A move to censure, while requiring fewer votes to pass (60 rather than 67 in the Senate, still looks difficult to accomplish.


While Democrats in Washington try to figure out how to take advantage of their new control of the White House, as well as both Houses of Congress, Democrats in Tennessee are still trying to regain relevance in this deep red Republican state.

The person recently selected to take on that task, is Hendrell Remus, the new chair of the Tennessee Democratic Party.

He is our guest on INSIDE POLITICS this week.

As a new major player in Tennessee politics, we welcome Mr. Remus to the program.

INSIDE POLITICS airs several times each weekend on NEWSCHANNEL5 PLUS. Those times include:

7:00 p.m. Friday.

5:00 a.m., 3:00 p.m. and 5:30 p.m. on Saturday.

1:30 a.m. & 5:00 a.m. on Sunday.

THE PLUS is on Comcast Cable channel 250, Charter Cable channel 182 and on NEWSCHANNEL5’s over-the-air digital channel 5.2. We are also back on DISH TV with the rest of the NEWSCHANNEL5 NETWORK.

One option for those who cannot see the show locally or who are out of town, you can watch it live with streaming video on Just use your TiVo or DVR, if those live times don't work for you.

This week’s show and previous INSIDE POLITICS interviews are also posted on the NEWSCHANNEL5 website for your viewing under the NEWSCHANNEL5 PLUS section. A link to the show is posted as well on the Facebook page of NEWSCHANNEL5 PLUS. Each new show and link are posted early in the week after the program airs.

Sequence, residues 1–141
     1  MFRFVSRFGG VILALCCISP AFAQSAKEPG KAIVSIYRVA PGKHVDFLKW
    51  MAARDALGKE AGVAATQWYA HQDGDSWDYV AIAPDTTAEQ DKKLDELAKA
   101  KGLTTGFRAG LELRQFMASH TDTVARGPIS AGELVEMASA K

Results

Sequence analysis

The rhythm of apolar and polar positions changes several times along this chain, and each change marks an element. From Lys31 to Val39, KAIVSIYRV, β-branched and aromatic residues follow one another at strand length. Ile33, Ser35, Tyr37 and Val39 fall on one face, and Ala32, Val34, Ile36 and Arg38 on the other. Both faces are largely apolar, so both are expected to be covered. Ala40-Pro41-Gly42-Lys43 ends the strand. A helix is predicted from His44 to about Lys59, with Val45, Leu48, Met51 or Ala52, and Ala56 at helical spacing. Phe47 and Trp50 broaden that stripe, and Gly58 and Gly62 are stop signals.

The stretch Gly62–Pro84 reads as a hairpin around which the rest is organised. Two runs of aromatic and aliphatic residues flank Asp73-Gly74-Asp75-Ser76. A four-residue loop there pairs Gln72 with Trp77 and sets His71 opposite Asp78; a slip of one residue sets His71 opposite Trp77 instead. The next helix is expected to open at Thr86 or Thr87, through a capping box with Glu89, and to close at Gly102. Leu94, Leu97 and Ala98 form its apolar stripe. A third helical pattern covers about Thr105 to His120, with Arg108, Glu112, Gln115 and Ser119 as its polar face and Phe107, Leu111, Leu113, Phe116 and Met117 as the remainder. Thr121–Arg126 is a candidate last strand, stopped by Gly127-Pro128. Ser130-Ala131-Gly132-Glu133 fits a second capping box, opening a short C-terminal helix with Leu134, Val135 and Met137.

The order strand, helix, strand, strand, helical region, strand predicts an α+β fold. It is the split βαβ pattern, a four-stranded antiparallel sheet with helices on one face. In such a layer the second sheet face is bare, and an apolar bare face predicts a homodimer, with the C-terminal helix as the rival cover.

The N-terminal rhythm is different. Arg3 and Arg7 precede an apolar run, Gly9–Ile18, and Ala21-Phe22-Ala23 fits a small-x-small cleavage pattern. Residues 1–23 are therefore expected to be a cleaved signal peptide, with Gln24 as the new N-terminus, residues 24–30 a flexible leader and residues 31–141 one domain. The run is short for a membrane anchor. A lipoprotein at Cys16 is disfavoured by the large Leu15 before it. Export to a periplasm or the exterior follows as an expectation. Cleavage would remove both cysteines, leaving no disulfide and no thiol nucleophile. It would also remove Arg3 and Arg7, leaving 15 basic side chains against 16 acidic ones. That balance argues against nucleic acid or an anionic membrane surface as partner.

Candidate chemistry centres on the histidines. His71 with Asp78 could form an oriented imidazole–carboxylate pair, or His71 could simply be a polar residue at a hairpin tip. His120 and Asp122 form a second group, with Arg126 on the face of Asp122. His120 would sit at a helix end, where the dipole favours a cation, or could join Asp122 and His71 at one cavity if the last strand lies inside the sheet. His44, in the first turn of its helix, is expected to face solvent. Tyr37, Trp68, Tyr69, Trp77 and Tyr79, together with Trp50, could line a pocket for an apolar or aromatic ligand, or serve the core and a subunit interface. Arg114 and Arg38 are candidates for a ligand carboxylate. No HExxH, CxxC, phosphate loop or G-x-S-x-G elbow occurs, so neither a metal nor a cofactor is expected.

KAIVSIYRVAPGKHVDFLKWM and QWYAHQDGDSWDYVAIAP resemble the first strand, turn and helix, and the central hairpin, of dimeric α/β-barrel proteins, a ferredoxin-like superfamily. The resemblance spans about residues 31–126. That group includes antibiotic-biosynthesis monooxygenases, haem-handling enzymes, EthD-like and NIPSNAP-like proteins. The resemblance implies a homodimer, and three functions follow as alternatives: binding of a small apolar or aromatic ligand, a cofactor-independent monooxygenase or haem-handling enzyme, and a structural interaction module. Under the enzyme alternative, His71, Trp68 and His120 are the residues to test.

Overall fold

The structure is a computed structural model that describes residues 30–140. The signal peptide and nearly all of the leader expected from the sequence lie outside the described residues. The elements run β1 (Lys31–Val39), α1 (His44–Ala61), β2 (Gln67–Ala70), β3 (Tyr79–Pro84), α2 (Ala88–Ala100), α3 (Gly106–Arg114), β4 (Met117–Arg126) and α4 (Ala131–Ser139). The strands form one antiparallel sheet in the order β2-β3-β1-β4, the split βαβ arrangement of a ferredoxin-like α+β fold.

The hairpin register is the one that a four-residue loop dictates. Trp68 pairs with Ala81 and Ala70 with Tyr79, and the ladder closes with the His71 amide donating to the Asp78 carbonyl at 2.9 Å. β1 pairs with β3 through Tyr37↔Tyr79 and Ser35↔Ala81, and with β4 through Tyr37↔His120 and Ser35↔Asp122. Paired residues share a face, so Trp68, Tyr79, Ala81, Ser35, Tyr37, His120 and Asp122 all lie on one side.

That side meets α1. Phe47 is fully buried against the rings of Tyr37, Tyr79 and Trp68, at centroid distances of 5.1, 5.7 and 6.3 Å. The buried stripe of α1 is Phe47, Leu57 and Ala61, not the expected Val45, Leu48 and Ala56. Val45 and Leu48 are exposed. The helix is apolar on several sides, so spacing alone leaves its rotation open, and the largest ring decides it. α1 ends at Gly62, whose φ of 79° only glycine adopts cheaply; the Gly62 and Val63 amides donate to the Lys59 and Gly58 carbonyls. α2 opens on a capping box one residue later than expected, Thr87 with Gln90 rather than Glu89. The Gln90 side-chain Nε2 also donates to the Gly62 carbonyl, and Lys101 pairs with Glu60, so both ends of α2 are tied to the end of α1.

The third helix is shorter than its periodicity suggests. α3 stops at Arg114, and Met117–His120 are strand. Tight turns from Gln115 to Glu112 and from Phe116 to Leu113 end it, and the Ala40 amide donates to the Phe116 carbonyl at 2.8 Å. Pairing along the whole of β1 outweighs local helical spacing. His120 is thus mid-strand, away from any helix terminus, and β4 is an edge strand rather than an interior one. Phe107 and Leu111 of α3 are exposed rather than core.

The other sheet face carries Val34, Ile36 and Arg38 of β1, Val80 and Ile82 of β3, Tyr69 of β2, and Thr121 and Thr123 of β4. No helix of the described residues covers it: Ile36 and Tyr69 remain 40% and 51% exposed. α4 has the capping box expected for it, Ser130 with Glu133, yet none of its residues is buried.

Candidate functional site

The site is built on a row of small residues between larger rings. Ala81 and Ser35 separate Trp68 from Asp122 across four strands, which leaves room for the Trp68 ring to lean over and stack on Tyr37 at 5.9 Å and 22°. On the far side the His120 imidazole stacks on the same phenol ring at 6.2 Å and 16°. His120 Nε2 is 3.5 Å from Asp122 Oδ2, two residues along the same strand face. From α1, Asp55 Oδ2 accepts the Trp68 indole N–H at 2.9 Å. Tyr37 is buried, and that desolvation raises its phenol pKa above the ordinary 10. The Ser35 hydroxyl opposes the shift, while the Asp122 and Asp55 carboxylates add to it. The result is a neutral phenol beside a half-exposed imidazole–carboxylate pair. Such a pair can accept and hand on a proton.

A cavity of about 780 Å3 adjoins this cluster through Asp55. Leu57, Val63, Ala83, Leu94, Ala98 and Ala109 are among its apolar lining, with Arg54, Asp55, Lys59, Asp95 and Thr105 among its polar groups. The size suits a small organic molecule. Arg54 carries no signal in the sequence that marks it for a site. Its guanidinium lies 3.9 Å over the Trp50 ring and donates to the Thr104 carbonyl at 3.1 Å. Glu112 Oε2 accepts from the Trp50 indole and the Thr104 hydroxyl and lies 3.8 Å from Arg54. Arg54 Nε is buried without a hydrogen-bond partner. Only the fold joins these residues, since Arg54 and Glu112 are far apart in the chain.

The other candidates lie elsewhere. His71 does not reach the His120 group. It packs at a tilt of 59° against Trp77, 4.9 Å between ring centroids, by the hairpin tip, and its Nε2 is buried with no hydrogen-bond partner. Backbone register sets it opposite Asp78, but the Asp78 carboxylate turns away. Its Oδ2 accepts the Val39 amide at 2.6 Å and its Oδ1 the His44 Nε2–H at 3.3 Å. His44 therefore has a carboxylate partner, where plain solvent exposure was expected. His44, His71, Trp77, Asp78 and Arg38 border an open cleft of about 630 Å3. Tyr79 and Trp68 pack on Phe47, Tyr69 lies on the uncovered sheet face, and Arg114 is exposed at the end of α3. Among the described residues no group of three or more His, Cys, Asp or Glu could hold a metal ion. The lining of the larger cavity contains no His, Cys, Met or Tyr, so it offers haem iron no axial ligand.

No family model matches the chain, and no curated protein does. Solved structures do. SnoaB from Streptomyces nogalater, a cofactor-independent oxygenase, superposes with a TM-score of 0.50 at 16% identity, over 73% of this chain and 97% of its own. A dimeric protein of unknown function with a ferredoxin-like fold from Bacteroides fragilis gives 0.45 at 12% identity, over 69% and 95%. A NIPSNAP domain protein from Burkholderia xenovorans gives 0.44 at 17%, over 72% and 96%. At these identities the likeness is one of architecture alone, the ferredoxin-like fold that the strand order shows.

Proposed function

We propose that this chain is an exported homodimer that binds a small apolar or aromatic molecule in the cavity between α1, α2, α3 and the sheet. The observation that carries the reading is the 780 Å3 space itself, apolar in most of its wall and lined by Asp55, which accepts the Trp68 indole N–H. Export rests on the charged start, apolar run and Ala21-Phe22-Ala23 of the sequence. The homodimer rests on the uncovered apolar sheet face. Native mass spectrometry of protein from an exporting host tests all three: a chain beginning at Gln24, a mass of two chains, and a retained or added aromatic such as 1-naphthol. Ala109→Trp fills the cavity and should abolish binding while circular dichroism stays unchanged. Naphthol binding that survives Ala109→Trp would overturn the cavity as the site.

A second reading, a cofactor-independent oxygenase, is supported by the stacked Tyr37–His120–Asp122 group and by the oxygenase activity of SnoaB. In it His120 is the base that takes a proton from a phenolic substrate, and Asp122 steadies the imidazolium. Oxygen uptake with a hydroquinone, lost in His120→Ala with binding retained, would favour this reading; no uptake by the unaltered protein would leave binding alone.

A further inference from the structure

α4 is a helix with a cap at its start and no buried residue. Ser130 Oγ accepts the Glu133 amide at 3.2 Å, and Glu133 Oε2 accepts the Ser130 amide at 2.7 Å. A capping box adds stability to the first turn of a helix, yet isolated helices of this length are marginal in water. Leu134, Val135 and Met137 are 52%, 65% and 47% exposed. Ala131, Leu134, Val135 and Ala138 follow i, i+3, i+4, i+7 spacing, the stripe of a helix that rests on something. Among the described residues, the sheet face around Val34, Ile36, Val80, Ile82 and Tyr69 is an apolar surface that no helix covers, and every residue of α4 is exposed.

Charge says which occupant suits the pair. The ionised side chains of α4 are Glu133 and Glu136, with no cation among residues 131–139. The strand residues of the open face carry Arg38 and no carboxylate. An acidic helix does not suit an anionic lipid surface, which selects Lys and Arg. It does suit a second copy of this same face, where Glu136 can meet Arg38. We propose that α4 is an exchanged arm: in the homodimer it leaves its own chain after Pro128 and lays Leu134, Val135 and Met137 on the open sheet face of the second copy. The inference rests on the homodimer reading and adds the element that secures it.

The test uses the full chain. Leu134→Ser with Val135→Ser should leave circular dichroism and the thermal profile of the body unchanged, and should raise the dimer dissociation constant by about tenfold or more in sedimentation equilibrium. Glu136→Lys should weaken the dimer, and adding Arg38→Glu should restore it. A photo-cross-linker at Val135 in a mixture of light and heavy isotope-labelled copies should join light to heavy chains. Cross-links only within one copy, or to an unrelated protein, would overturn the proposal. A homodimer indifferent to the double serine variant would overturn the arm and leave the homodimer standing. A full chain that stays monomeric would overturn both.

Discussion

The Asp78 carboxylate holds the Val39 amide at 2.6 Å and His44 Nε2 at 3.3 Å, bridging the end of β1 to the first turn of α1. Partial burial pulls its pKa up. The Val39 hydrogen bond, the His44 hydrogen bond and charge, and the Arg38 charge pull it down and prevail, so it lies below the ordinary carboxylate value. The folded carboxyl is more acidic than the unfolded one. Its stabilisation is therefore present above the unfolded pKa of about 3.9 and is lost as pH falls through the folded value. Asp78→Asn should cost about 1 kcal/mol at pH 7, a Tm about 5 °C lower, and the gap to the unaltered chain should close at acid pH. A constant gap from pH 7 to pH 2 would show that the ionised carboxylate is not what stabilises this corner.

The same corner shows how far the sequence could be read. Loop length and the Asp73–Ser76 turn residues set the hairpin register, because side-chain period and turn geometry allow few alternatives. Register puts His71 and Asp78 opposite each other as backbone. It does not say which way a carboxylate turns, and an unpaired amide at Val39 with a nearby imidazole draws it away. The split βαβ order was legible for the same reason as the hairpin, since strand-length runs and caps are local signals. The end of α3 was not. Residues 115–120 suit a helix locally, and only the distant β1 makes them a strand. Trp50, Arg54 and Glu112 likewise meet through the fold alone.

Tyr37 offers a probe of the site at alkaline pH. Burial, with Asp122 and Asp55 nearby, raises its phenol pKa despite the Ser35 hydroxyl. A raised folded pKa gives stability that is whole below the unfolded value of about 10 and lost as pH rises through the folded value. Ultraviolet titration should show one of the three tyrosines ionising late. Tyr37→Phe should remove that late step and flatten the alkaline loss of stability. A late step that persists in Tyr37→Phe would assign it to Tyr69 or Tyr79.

Finally, I am now posting a link to the show each week on my Facebook page as soon as it is available, usually on Monday or Tuesday.


If you are wondering where the folks who worked in the Trump White House and administration have gone? It appears more than a dozen have gone to work in the office of new Tennessee U.S. Senator Bill Hagerty.

Another surprise to many, is how successful Tennessee’s new on-line sports gambling program is doing in its first two months of operations. The only one of its kind (on-line only), it has set all-time national records for bringing in the bets. If you watched all the TV ads the companies involved have been airing here in Nashville, maybe the record response is less of a surprise?

The General Assembly had this week and next week off, preparing to come back to begin lawmakers’ regular session on February 8 (when Governor Lee presents his State of the State address).

But that does not mean everything was quiet.

There was this political spat between one Knoxville Democratic House member and Republican House Speaker Cameron Sexton over office assignments.

Finally, the issue of ringing down the Metro Nashville city flag has surfaced again. The last big push came during the first term of Nashville Mayor Bill Purcell over 20 years ago. Like many folks, His Honor did not understand what a Native American holding what looks to be a skull, had to do with Nashville. The history of the origins of the flag are murky at best.

But nothing ever came of Mayor Purcell’s concerns about the flag. He, like current Mayor John Cooper, always had lots on his plate to handle.

What will happen this time? Stay tuned.